Lessons to Learn from Lean Manufacturing

Lessons to Learn from Lean Manufacturing
Abel Acuna |   | 

If you think of the business process methodology of Lean manufacturing as something that is relevant only to huge factories, we can’t blame you. It is an approach that was developed by the auto industry, but quickly gained traction in many other types of manufacturing. These days all sorts of organizations from health systems to software developers leverage Lean to reduce waste, improve quality, and enhance the bottom line.

So what does it mean for Kickstarter creators, small business leaders, and other entrepreneurs? The principles of Lean offer helpful guidance for any type of commercial endeavor, no matter how big or small. Here is a look at all five.

Principle #1 – Value as Seen by The Customer

People who practice Lean do not define the value of their product. Their customers do. If a customer is not willing to pay for a certain product, service, or feature, it has no value. Therefore, every effort is made to align each product or feature with things that customers care about.

Principle #2 – The Value Stream

The value stream is made up of the set of processes, activities, and materials required to create value and get it to the customer. Anything that doesn’t add value to the customer should be removed from the value stream. Lean thinkers are obsessive about understanding the value stream and identifying eight distinct types of waste.

Principle #3 – Flow

The value stream should flow easily from raw materials to the customer. Nothing should create a barrier to delivering value efficiently. This requires careful coordination across processes and departments.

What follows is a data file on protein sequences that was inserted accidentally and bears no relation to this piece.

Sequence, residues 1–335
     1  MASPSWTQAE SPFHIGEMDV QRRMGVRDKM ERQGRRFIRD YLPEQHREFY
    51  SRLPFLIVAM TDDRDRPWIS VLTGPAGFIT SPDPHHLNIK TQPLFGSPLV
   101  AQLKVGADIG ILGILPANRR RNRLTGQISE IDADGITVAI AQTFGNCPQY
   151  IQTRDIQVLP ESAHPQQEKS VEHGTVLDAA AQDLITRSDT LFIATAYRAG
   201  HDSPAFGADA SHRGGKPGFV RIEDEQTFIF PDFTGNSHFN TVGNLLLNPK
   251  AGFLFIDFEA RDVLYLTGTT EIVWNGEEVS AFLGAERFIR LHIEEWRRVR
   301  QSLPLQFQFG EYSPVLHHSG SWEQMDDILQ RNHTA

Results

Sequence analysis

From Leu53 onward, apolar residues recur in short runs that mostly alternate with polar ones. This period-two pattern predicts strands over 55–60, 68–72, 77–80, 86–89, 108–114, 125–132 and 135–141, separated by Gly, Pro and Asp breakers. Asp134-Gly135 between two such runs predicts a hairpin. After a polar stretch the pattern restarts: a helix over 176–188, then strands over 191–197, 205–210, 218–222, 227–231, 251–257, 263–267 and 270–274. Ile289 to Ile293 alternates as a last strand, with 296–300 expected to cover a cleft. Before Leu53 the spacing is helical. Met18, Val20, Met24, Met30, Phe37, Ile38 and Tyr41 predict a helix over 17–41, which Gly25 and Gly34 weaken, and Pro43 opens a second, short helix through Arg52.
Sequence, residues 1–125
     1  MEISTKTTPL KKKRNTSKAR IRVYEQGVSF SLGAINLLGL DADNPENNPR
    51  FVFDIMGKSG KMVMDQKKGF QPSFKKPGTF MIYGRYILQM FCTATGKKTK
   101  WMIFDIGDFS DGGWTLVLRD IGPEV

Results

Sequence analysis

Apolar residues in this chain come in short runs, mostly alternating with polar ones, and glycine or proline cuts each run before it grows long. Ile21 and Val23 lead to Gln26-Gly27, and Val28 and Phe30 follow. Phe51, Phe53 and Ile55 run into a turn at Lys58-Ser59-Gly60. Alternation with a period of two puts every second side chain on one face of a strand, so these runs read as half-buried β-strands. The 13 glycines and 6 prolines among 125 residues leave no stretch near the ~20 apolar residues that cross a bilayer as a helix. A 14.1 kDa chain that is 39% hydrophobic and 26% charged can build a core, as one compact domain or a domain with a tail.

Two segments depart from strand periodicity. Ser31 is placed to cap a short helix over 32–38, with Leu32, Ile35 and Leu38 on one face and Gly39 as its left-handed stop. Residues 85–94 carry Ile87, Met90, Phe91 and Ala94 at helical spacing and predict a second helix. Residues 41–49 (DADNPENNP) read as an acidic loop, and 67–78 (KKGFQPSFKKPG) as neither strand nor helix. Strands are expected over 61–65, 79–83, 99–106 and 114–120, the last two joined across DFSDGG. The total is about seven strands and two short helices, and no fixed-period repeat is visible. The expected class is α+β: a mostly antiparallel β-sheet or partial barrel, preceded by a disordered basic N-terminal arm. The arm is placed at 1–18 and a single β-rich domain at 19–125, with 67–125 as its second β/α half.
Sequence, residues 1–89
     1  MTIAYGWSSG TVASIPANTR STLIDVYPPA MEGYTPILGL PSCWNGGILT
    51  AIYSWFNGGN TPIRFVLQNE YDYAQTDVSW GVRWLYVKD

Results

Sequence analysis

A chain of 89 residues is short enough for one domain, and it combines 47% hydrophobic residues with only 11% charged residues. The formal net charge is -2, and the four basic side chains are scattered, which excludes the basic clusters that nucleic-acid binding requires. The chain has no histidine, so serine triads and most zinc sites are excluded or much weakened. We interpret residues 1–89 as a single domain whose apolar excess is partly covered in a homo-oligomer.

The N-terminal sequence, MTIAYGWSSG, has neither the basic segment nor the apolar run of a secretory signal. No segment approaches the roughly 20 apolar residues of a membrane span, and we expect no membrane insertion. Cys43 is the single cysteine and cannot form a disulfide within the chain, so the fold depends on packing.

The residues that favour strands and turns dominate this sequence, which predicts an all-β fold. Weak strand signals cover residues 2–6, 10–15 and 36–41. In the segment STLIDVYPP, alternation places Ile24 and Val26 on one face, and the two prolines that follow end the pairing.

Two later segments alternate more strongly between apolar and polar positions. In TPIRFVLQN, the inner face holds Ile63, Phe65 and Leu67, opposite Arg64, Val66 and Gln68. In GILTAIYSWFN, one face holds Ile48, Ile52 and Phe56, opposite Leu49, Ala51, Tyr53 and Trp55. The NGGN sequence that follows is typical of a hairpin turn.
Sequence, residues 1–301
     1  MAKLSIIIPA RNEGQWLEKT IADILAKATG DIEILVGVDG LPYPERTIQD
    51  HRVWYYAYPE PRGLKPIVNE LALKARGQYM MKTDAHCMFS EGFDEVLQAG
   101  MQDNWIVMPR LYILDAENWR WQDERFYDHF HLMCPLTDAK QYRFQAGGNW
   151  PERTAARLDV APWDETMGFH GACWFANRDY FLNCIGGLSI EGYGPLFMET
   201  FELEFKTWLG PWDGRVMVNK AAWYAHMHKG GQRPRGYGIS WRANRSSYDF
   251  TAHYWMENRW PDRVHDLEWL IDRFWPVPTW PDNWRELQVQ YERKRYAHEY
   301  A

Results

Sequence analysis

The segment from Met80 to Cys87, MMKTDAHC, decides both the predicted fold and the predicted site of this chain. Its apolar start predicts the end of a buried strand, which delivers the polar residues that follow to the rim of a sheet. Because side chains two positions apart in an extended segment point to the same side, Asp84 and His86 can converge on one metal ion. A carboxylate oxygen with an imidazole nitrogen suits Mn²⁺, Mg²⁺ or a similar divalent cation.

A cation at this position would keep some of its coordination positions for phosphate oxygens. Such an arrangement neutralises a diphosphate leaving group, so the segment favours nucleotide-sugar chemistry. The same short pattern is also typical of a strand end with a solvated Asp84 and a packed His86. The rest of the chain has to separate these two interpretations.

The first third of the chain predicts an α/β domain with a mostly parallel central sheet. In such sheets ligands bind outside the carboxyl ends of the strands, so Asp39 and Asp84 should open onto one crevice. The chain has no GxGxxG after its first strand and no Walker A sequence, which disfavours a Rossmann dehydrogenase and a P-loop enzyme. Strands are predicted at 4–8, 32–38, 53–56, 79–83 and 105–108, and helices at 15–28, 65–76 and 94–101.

Principle #4 – Pull

The Lean principle of Pull dictates that nothing is produced until it is needed. This eliminates excess work-in-progress inventory. Customer actions dictate the speed at which value is produced, not forecasts or quotas.

Principle #5 – The Quest for Perfection

People who operate under the Lean model know that perfection is impossible and, therefore, improvement must be continuous. Perfection means getting the job done with as little waste as possible, while at the same time adding the maximum amount of value. It means looking for the root cause of any problem and never resorting to Band-Aid fixes. Each process must be performed consistently and according to the best practice.

Think about your own go to market plan and product lifecycle. Are you applying the principles of Lean as much as you could? Do you seek to simplify processes and eliminate steps that don’t add value to the customer? Are you moving materials more often than necessary by using one vendor for manufacturing and another for fulfillment services, for example. Do you place large PCB or device assembly orders simply to meet minimum order requirements, rather than waiting for customer actions to warrant production?

The Lean approach is so popular because it is extremely effective. While it might not be necessary for you to deploy all of the techniques and tools of Lean, finding ways to apply these principles can have a major impact on the profitability of your project or company.